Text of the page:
A key illustration of the significance this has for mysticism is to be found in the phenomenon of suffering. The Divinity as Divinity, or ground of being or Buddha nature or whatever cannot suffer. Therefore in the path to realising the Union with God suffering is a thing to be bypassed or left behind or somehow destroyed. Yet the supreme moment of most perfect Union which the Blessed Virgin, the Magdalene and the Evangelist achieved with God was precisely during those hours they spent at the foot of the Cross fully entering into the agony and death of Jesus. It was there, where Christ experienced extreme suffering and death that His Union with Man arrived at its total consummation, perfection and completion.

In order to be fully united with God it is not necessary that the mystic herself experiences suffering; it is necessary though that God goes through that experience. This is because the capacity to suffer and the certainty of death are not incidental to our human nature, they are a part of its essence. Union consists of a fusion between our essence and His essence and without a God who suffers and dies such a Union is necessarily incomplete and imperfect. The Incarnation, then, may be characterised as a flight of the Alone to the alone (there are theological grounds to quibble about the word ‘alone’ in this context but that would require more space than I have here.) It is precisely this flight which opens the possibility of the fullness of Union and it is precisely those who, through Grace, most closely identify with the suffering Christ that can enter into it.

The paradoxical elements of mysticism, that it involves a journey to a point at an infinite distance from ourselves and that everything we require is already fully present within us, are resolved through the self-emptying of the Son. He it is who makes the infinite journey, and He it is, dwelling within us, who has already plumbed the depths and scaled the heights of all that it essentially means to be a fully human person. The task of the Christian mystic is simply to make real our ‘Yes‘ to Jesus.

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The painting, by Simone dei Crocifissi, is Christ on the Cross with the Virgin, Mary Magdalen and St John.

Of Empty Crosses & Crucifixes


Catholics, generally speaking, are happy to use either empty crosses or crosses which have on them an image of the crucified Christ (a corpus) known as crucifixes. Those Protestants who have had their ideas formed to a significant degree by Calvinism tend to reject absolutely the use of crucifixes. Some evangelicals say, with what might be interpreted as malicious smugness, that they use empty crosses ‘because my Christ has risen from the dead.’

Is this one of these seemingly trivial sectarian differences that give unnecessary scandal to the world or is there something substantive at stake here? (I use the word ‘stake’ in its non ‘burnt-at-the’ sense.) Probably a bit of both really, the differences lie at a profound level of belief and it is good to be clear about what these are but the issue is not important enough to warrant bitter polemics or violent destruction.

The first point I’d make is more practical than theological. Insofar as these objects are used for purposes of devotion rather than as items of jewellery a crucifix works with the grain of the human mind. By contrast an empty cross runs the apparently paradoxical risk of encouraging what Aristotle would call excess and/or defect. That is, unless you are a hardcore ascetic the starkness of a bare cross will starve your mind of material with which to work or else it encourages your imagination to run riot and project all kinds of fantastic images onto the shape in front of you. A crucifix makes it easier for the mind to focus immediately and to stay focussed on the object of contemplation which is Christ and Him Crucified.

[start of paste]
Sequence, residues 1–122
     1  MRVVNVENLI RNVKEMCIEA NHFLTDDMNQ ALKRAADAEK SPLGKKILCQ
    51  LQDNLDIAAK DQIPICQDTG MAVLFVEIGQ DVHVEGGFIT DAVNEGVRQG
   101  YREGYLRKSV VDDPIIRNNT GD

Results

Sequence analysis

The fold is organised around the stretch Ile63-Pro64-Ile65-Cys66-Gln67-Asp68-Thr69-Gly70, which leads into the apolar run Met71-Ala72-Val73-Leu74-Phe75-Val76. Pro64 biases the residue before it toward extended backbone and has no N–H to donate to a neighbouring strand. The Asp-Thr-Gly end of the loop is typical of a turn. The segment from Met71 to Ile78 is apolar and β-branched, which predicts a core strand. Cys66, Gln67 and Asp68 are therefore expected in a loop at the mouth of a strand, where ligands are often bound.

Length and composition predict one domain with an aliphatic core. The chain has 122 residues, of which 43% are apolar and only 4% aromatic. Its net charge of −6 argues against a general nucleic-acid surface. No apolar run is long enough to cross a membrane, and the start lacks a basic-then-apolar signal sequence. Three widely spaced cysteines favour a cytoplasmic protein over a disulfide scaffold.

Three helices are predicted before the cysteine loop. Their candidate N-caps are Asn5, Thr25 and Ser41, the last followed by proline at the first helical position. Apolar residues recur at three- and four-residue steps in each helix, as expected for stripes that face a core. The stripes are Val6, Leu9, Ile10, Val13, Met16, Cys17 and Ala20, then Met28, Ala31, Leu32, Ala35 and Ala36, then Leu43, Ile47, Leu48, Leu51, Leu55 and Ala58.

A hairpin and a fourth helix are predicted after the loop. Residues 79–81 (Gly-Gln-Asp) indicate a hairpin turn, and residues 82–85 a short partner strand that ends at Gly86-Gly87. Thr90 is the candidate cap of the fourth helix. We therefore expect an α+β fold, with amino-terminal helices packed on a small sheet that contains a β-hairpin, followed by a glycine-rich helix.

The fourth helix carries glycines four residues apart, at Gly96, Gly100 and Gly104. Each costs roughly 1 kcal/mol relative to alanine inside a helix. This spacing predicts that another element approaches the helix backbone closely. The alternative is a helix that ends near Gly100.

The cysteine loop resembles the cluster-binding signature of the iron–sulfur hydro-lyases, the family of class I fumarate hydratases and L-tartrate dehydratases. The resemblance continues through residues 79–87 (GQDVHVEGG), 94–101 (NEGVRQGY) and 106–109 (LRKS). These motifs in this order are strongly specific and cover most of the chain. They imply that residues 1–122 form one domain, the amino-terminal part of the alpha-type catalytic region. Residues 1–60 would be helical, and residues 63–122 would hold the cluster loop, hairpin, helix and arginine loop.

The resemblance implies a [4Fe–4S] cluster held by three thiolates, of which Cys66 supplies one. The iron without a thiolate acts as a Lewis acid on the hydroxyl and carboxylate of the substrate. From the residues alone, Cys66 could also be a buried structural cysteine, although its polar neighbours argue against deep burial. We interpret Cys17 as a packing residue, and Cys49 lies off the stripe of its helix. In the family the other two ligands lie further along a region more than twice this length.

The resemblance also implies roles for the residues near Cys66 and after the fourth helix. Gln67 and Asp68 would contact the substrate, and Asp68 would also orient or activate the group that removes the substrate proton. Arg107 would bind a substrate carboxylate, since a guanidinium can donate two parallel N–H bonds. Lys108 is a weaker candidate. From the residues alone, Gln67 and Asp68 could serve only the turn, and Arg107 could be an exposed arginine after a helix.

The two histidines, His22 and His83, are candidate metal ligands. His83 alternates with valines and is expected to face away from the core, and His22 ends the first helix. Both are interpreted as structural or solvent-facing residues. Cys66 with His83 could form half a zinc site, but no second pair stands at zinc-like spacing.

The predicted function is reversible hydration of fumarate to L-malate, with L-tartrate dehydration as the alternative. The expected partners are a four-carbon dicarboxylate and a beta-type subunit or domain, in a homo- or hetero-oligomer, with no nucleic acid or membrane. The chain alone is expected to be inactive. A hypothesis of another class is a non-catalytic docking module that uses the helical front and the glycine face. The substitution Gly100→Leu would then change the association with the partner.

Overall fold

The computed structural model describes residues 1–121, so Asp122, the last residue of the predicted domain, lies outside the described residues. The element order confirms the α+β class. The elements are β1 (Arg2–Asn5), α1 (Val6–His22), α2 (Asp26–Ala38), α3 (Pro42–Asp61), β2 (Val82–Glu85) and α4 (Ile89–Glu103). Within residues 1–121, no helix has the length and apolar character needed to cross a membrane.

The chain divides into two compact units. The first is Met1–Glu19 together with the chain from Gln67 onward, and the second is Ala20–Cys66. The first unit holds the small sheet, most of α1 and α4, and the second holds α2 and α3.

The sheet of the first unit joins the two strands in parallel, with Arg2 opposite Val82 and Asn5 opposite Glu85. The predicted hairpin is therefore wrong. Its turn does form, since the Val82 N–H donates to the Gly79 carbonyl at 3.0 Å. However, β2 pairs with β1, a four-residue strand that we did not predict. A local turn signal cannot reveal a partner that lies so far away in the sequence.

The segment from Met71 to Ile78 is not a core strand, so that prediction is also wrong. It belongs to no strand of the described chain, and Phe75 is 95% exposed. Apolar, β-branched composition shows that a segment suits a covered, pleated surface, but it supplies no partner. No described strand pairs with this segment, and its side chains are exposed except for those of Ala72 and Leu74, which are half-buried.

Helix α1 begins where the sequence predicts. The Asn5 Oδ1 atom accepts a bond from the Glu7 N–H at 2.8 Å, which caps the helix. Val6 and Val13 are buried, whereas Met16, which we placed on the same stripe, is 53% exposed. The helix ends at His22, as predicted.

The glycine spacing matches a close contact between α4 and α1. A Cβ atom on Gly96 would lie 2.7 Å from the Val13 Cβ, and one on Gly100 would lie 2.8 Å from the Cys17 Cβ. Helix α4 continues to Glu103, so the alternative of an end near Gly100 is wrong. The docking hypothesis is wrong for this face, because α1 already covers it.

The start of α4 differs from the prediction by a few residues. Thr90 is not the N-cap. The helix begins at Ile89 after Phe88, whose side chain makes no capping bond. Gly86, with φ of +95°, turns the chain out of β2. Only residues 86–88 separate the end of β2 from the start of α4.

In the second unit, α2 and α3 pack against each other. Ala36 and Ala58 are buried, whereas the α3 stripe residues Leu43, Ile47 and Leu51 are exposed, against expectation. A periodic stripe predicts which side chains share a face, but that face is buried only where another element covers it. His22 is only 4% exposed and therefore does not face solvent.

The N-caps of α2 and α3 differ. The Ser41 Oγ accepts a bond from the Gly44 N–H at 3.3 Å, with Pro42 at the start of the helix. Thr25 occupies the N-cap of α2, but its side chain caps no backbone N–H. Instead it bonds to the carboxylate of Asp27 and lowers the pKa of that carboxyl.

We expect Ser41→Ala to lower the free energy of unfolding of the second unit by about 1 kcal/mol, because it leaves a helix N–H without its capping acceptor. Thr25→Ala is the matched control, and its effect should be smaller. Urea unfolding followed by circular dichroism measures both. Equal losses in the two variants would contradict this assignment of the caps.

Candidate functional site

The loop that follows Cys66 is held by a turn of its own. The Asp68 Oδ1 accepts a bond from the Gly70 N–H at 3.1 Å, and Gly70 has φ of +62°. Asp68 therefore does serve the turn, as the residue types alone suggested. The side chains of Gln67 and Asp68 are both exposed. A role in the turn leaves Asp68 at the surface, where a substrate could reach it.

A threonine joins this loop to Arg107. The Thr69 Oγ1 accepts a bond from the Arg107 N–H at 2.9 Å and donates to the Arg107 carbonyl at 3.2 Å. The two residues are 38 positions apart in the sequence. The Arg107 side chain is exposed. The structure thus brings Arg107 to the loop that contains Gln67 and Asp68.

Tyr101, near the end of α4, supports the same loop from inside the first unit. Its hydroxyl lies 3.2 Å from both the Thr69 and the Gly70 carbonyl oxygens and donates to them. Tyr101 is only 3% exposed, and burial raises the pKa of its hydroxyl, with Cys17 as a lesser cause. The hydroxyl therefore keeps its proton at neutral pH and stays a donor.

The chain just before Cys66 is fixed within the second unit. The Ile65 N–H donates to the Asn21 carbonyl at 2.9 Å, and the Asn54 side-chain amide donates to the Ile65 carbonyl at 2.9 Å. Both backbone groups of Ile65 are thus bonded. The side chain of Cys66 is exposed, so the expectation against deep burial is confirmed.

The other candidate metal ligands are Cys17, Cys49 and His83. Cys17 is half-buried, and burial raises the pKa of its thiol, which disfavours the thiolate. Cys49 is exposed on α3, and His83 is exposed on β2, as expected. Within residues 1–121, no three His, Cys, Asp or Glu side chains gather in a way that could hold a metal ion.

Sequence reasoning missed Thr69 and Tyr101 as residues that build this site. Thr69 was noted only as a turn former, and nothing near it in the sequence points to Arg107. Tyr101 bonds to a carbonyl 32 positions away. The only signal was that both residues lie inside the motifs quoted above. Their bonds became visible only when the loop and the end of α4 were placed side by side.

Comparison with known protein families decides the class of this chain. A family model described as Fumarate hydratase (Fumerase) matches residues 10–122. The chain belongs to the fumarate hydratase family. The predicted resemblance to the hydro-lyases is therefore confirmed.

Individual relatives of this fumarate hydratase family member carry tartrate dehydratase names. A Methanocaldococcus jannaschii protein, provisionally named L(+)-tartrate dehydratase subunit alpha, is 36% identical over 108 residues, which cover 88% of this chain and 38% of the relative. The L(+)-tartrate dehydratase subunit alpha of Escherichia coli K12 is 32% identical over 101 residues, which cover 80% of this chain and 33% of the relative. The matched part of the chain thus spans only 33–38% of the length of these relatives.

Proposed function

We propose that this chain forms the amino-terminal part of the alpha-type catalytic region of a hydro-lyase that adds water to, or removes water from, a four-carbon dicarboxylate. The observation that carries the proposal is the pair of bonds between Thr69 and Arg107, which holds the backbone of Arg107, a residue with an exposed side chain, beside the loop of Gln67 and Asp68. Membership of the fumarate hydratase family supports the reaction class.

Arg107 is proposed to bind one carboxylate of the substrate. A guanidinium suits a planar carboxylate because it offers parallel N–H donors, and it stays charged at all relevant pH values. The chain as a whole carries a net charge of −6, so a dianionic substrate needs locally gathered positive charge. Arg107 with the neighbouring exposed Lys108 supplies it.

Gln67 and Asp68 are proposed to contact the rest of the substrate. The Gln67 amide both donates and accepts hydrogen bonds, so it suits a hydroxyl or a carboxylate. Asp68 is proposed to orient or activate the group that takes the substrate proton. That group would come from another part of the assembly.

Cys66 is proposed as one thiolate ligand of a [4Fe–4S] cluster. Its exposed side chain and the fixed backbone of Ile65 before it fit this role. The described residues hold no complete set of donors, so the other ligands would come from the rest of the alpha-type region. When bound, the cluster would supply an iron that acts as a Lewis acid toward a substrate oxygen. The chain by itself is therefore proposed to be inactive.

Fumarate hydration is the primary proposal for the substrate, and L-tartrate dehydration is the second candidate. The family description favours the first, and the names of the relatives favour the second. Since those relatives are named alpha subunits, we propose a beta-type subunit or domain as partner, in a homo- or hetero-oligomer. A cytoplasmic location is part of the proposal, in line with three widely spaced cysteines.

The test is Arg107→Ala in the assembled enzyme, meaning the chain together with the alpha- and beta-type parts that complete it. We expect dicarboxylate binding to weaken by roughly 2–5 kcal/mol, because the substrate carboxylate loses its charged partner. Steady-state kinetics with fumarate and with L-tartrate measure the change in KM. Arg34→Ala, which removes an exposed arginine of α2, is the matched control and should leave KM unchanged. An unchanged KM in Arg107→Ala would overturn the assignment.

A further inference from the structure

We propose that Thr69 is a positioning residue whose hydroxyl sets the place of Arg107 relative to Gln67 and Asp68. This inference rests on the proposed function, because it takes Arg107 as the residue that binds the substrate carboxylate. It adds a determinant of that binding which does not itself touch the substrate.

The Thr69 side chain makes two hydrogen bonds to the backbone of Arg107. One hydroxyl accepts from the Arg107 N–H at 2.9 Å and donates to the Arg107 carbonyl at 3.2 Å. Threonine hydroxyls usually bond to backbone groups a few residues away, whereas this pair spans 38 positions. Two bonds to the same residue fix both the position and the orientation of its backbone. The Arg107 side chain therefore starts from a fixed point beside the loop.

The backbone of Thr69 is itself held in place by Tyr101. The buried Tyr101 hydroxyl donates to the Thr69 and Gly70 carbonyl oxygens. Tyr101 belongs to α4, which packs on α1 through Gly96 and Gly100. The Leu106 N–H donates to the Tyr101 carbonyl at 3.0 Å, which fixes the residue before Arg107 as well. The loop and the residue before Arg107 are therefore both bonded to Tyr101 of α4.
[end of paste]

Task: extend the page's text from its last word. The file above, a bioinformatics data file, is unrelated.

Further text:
It is certainly possible to contemplate an austerely empty cross with great profit or to fritter away time spent in front of a crucifix. It is just, on average, easier for most people to pray appropriately in front of the latter than the former. I suspect fear of idolatry is at work in the Calvinists here, that people will end up worshipping the object itself rather than the thing which it represents. Again my response is practical rather than theological. If such a thing was going to happen it would have happened by now and if it hasn’t then it isn’t going to.

A second and more palpably theological point is that the Redemption was won for us not by Christ’s resurrection but by His death, specifically His execution as an innocent man condemned to a criminal’s death by hanging from a tree. If it was the Resurrection we wished to recall our symbol would be the empty tomb not the empty Cross. Certainly the Cross as such calls to mind that Divine sacrifice but more as an abstraction, as an event which is passed and done with. Yet it is not so, we crucify Him anew with every sin we commit. The corpus brings to mind not only the historical occasion it commemorates but our own living involvement in this drama which has not yet ended.

Related to this is a third point, namely that the Cross is not simply about Him, it is also about us in relation to Him. In contemplating the crucifix we see the nails we have driven, and are driving still, into His hands and feet. We see the wound we have made in His sacred heart. We see too the Crown of Thorns we have driven into His skull causing His sight of us to be obscured by the Precious Blood which we have shed. The corpus draws us into a truth about ourselves, we are sinners, we have made the innocent suffer and we will continue to do so unless we be converted, repent and accept that poor battered man hanging before our eyes into our hearts as our Guide, Teacher and Master.